Dutch news in brief, Wednesday 2 December 2009
Read the roundup of today's Dutch press from Radio Netherlands.Dutch cultural icon dead
Wednesday’s s front pages publish photos of Ramses Shaffy, the Dutch singer and actor who died Tuesday at the age of 76.
While most photographs featured Shaffy as an old man worn down by too much alcohol, we can also see "the Netherlands' only chansonnier" as a young icon of the popular cultural scene, a striking flower-power figure in the 1960s.
De Telegraaf devoted a whole inside page to “the dismay caused by the flamboyant Amsterdammer's death”. Under the headline "Addicted to life", the paper printed a quote from 1995: "It's a wonder I'm still sitting here, with all the cigarettes, drink and I don't know what else".
The paper said he lived life to the full and that he has once said: "The blood that pumps though my body screams out for adventure!"
Under the headline "Ramses last glass", the paper reported of his last visit to his favourite restaurant, a short stroll from the Amsterdam nursing home where he ended his days.
"He came in around 5 or 6 [...] and sometimes stayed till very late. He drank red wine or sambuca. And also ate something," said the restaurant owner.
Fans will hold a vigil at the place where Shaffy moored his houseboat in the heady days of the 1970s.
The organiser recalled that Shaffy started out life in Amsterdam as a foster child: "I want to make the statement that all kids, even those who don't look like they have many chances, can grow into monumental people".
MPs push for sale of earplugs in bars and discos
MPs from the three parties in the ruling coalition are pushing for less loud music in discos, bars and at pop concerts, said AD.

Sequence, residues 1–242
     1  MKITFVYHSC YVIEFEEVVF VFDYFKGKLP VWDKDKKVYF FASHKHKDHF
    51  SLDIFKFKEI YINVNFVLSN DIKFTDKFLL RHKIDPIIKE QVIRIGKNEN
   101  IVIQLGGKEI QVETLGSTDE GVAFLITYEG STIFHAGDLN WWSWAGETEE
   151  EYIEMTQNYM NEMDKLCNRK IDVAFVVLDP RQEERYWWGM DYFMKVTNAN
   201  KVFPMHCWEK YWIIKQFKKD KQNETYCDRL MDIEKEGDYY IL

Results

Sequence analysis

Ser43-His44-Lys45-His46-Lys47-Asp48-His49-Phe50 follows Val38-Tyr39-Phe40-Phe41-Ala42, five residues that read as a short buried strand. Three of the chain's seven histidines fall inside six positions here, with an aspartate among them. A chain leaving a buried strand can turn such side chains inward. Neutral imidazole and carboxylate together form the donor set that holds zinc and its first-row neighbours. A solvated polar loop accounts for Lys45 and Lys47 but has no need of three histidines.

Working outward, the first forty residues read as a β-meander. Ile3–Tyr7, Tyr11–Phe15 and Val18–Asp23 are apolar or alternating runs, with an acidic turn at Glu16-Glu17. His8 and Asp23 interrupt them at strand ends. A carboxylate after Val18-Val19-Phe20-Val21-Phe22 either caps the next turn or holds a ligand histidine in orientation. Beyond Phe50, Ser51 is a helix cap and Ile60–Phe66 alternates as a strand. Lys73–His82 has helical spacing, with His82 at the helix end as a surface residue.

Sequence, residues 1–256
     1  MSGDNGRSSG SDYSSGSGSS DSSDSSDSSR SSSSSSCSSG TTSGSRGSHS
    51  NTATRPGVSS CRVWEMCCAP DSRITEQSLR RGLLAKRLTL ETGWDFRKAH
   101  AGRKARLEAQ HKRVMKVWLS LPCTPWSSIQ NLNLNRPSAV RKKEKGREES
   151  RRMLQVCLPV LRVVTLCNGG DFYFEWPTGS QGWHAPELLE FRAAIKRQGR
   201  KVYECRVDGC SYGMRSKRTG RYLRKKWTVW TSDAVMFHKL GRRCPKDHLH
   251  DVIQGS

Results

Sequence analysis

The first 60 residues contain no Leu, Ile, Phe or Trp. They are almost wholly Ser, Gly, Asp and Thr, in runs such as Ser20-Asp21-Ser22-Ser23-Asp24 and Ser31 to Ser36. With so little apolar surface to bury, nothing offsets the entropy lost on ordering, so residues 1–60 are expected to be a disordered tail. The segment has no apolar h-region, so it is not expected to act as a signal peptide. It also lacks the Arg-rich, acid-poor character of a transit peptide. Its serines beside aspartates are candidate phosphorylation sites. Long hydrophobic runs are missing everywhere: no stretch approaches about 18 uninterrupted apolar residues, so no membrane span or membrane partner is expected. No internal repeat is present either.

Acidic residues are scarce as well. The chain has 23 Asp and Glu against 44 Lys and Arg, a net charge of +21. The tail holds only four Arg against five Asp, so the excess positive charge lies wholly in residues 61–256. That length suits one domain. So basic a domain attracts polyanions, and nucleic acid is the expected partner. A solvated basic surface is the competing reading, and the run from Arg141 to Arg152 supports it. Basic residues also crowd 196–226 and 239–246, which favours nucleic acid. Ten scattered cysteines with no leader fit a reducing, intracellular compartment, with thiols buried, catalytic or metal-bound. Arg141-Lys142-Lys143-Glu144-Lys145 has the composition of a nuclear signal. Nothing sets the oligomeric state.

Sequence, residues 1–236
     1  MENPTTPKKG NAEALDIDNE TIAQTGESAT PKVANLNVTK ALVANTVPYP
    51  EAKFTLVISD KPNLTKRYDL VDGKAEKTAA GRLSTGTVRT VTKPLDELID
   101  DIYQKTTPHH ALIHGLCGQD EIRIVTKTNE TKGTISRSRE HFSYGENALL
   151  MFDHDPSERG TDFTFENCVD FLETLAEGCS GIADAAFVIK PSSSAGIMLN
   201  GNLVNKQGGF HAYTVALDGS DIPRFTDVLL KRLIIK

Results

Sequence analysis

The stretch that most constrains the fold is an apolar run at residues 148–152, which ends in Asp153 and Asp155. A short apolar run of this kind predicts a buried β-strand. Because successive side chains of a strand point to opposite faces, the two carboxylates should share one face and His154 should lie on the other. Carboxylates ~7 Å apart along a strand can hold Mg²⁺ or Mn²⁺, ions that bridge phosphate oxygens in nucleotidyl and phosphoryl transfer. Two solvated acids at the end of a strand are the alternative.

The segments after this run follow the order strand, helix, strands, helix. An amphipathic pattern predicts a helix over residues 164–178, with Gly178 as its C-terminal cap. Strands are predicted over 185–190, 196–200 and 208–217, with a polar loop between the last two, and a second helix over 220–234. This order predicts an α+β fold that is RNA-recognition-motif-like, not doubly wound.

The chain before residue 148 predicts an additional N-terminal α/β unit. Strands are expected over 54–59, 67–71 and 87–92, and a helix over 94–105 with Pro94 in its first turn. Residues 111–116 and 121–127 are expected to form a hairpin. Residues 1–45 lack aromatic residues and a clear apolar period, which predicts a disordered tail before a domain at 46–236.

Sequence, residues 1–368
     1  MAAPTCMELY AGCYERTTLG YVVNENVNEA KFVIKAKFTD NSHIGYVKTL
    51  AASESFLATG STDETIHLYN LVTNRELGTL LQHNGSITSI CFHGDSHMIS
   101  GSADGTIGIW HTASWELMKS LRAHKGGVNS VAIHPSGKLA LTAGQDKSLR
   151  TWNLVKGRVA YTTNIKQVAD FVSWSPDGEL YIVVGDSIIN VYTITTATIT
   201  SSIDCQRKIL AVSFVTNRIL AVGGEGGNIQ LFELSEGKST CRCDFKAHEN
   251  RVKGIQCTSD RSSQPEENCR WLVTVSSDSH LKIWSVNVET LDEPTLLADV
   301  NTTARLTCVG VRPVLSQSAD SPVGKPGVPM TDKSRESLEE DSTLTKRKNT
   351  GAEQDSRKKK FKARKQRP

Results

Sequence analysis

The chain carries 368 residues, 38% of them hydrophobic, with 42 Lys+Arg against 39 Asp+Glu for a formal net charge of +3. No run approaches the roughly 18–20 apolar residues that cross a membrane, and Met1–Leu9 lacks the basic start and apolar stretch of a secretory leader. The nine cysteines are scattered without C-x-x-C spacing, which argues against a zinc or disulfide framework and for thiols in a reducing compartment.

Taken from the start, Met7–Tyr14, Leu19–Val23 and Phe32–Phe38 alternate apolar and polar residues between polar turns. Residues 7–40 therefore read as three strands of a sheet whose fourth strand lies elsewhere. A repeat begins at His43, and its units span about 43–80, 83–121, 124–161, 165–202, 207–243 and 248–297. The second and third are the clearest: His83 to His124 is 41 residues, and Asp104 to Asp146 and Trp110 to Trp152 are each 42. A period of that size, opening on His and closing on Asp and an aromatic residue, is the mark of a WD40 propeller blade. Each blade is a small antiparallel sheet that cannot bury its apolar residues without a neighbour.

The move followed research showing four in 10 young people suffer from hearing loss because they listen to loud music.
Christian Democrat MP Sabine Uitslag, who sings with a rock band, wants something done to protect people.
"The young don't realise how dangerous it is. Hearing damage doesn't go away," she warned.
The MP wanted organisers of all kinds of music venues to act more responsibly on the issue and more information on the dangers of loud music to be made available.
"And, next to the condom machine in toilets, there should also be a dispenser where you can get cool-looking earplugs," she argued.
It remains to be seen whether there would be many takers for the earplugs, cool or not. Apparently, few young people take any notice of warnings about hearing damage and loud music.
MPs want to protect residents who are forced to relocate
Research done by de Volkskrant showed 25 major housing corporations are steadily demolishing cheap rented accommodation and replacing it with more expensive homes.
"Many residents are not at all happy to go, but are being forced to relocate," said a spokesman from a tenants' association.
"These people are being made nomads, and move from one area due for demolition to another," he complained.
The corporations are obliged to offer alternative accommodation to people being made homeless, but this often involved moving away from their local areas.
MPs hope to introduce a code of practice in 2011 to secure tenants' rights.
"The housing corporations shouldn't just force people to move, but should take what they want into account when planning major renovation work," said the tenants' spokesman. "People want to stay in their own neighbourhoods."
Protesting squatters occupy Dam Square
nrc.next reported dozens of squatters have set up two tents outside the Royal Palace in Amsterdam's Dam Square.
As Queen Beatrix is about to sign new anti-squatting legislation into law, squatters' groups had indicated they might move into her Amsterdam residence to protest against the move. They also said the queen has more than enough places to live.
According to the police, the paper took no chance and told us there were as many officers at the demo as squatters.
Radio Netherlands / Mike Wilcox / Expatica